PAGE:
Program Offers New Destinations for Study

Noting a lack of programs for college students to travel and volunteer abroad, two enterprising juniors have begun planning their first year of coordinating service opportunities overseas.

CollegeCorps—the brainchild of Hani N. Elias ’06 and Adam Kalamchi ’06— opened officially this September.

Coordinating internships in regions like Latin America, Africa, Southeast Asia and the Middle East, CollegeCorps offers students destinations notably different from more traditional, university-sponsored study-abroad programs.

“We really hope to make students informed about international development,” explained Elias. “The hands-on work that relates to that is very different from just sitting in a classroom in Europe.”

In contrast with more academically-focused travel programs, CollegeCorps emphasizes volunteer service and cultural experience, goals in keeping with one of its primary supporters, the United Nations Development Program.

Elias and Kalamchi have been planning the organization for almost a year, after taking an eye-opening class on international development.

The pair found themselves searching for ways to get involved in development work, but faced the problem of too few fellowships and job opportunities for undergraduates.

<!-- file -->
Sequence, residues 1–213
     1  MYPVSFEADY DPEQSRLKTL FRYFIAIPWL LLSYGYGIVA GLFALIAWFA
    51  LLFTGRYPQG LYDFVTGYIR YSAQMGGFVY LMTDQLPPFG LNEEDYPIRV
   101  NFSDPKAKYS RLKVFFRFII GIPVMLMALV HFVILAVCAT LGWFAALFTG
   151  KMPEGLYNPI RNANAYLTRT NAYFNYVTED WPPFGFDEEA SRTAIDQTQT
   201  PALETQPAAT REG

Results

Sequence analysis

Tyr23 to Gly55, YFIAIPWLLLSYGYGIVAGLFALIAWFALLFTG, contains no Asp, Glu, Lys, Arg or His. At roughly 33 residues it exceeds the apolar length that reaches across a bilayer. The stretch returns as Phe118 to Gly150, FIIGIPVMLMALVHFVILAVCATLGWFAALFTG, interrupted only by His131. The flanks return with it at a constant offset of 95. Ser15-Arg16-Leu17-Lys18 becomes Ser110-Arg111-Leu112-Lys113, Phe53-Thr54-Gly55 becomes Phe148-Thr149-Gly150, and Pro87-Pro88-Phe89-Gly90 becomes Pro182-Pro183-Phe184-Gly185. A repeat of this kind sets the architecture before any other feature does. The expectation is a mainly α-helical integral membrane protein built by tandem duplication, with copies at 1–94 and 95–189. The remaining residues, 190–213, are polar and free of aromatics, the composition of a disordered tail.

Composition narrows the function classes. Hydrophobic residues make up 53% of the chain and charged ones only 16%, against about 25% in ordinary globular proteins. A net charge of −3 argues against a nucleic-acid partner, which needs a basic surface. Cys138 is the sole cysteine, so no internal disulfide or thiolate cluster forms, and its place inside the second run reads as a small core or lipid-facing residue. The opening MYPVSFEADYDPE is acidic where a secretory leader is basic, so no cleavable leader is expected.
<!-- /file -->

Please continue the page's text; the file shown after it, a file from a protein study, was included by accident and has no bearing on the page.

“Between airfare and lodging, a lot of these programs cost up to $5000,” said Kalamchi. “For an undergraduate, that’s a huge financial barrier.”

Money wasn’t the only obstacle.

“We also found also an organizational barrier,” Kalamchi said. “There were a lot of organizations out there, each with its own coordinators and materials. Out of this came an idea to create one organization to alleviate these two problems.”

The twin barriers of money and organization, according to Kalamchi, are fairly widespread.

“I’m not sure if any of the obstacles are specific to Harvard,” he explained. “At many institutions, the prevailing attitude of students is that one must graduate in four years, and so the determining factor in deciding whether to travel abroad becomes whether you can receive credit for your experience.”

Elias and Kalamchi also hope to extend a greater partnership with Harvard. Supplemental training programs at the Kennedy School of Government for CollegeCorps participants are already planned for this spring.

One or two nights a week, students will work with Peace Corps volunteers and KSG professors to develop knowledge and skills needed for work in international development.

Applications for this summer’s programs are due by Jan. 5. This year, CollegeCorps is only accepting applicants who are enrolled as full-time students at accredited colleges or universities in the Boston area. More information about the organization can be found at www.thecollegecorps.org.

Elias is optimistic about his organization’s future. “We’re finding more and more ways we can cooperate with Harvard,” he said.